stack interface, or two or more single-stack IPv4 and IPv6 stack interface, or two or more single-stack IPv4 and IPv6
interfaces). This applies to the section 2.5.2 of RFC5036. interfaces). This applies to the section 2.5.2 of RFC5036.
- An LSR should prefer the LDP/TCP connection over IPv6 for a new 8. An LSR SHOULD prefer the LDP/TCP connection over IPv6 for a new
LDP session with a remote LSR, if they attempted two TCP LDP session with a remote LSR, if they attempted two TCP
connections using IPv4 and IPv6 transport addresses connections using IPv4 and IPv6 transport addresses
simultaneously. simultaneously.
This document allows for the implementation to provide a An implementation may provide an option to favor one AFI (IPv4, say)
configuration option to override the above stated preference from over another AFI (IPv6, say) for the TCP transport connection, so as
IPv6 to IPv4 on a per-peer basis. Suffice to say that such option to use the preferred IP version for the LDP session, and derive
must be set on both LSRs. deterministic active/passive roles.
6.2. Maintaining Hello Adjacencies 6.2. Maintaining Hello Adjacencies
As outlined in section 2.5.5 of RFC5036, this draft suggests that if As outlined in section 2.5.5 of RFC5036, this draft describes that
an LSR has a dual-stack interface, which is enabled with both IPv4 if an LSR has a dual-stack interface, which is enabled with both
and IPv6 LDP, then the LSR must periodically send both IPv4 and IPv6 IPv4 and IPv6 LDP, then the LSR must periodically send both IPv4 and
LDP Link Hellos and must separately maintain the Hello adjacency for IPv6 LDP Link Hellos and must separately maintain the Hello
IPv4 and IPv6 on that interface. adjacency for IPv4 and IPv6 on that interface.
This ensures successful labeled IPv4 and labeled IPv6 traffic This ensures successful labeled IPv4 and labeled IPv6 traffic
forwarding on a dual-stacked interface, as well as successful LDP forwarding on a dual-stacked interface, as well as successful LDP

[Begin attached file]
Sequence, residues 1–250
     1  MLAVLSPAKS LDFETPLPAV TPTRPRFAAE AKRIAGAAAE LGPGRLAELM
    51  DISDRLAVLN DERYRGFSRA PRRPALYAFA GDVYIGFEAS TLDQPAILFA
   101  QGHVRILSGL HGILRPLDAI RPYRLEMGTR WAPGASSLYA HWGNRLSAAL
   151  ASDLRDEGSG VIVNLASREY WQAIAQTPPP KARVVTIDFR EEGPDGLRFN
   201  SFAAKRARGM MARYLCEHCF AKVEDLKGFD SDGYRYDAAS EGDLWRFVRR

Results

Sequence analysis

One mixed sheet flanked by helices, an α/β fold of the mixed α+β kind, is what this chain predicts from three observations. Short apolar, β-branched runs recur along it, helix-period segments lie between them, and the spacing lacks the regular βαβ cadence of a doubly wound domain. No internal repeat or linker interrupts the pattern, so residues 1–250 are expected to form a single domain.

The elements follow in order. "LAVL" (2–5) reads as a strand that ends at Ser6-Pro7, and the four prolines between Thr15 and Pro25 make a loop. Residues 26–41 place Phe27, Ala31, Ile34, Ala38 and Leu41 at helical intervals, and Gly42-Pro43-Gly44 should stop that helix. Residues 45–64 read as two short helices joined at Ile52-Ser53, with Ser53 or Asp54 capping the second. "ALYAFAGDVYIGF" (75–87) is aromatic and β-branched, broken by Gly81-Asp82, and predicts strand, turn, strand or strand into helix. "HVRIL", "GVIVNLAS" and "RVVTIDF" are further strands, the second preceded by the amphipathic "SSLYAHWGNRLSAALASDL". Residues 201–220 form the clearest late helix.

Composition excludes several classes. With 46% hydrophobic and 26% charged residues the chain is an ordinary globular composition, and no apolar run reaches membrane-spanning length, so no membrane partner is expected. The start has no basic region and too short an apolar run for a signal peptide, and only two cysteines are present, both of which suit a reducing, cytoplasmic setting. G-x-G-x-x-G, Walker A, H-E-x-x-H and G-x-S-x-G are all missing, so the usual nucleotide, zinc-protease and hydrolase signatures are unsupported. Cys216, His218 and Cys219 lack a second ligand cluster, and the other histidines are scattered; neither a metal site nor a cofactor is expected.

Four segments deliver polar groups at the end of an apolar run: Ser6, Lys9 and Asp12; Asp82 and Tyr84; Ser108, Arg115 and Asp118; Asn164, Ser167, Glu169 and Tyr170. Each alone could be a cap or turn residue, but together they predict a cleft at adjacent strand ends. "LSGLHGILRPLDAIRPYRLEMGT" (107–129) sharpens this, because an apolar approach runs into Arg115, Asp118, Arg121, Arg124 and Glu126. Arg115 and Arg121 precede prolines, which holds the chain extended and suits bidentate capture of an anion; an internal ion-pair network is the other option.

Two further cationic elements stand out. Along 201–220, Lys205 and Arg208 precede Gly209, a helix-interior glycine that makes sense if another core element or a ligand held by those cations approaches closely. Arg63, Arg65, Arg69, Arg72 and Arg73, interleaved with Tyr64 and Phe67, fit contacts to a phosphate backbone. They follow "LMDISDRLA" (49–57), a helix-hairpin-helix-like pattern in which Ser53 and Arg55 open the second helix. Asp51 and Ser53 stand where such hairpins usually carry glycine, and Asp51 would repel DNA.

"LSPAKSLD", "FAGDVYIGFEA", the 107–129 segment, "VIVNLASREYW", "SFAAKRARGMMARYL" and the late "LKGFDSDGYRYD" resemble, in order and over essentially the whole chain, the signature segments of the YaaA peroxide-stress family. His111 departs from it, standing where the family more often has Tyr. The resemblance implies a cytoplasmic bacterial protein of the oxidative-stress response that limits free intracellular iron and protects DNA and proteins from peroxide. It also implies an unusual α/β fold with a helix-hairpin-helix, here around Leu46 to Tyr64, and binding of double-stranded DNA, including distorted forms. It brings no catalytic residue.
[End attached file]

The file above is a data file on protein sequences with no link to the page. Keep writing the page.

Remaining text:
peering using the appropriate transport on a multi-access peering using the appropriate transport on a multi-access
interface (even if there are IPv4-only, IPv6-only and dual-stack interface (even if there are IPv4-only, IPv6-only and dual-stack
LSRs connected to that multi-access interface). LSRs connected to that multi-access interface).
6.3. Maintaining LDP Sessions 6.3. Maintaining LDP Sessions
Two LSRs maintain a single LDP session between them, as described in Two LSRs maintain a single LDP session between them, as described in
section 6.1, whether they are connected via a dual-stack LDP enabled section 6.1, whether they are connected via a dual-stack LDP enabled
interface or via two single-stack LDP enabled interfaces. This is interface or via two single-stack LDP enabled interfaces. This is
also true when a single-stack interface is converted to a dual-stack also true when a single-stack interface is converted to a dual-stack
interface, or when another interface is added between two LSRs. interface (e.g. figure 1), or when another interface is added
between two LSRs (e.g. figure 2).
Needless to say that the procedures defined in section 6.1 would
always result in preferring LDPoIPv6 session after the loss of an
existing LDP session (because of link failure, node failure, reboot
etc.).
On the other hand, if a dual-stack interface is converted to a On the other hand, if a dual-stack interface is converted to a
single-stack interface (by disabling IPv4 or IPv6 routing), then the single-stack interface (by disabling IPv4 or IPv6 routing), then the
LDP session should be torn down ONLY if the disabled IP version was LDP session should be torn down ONLY if the disabled IP version was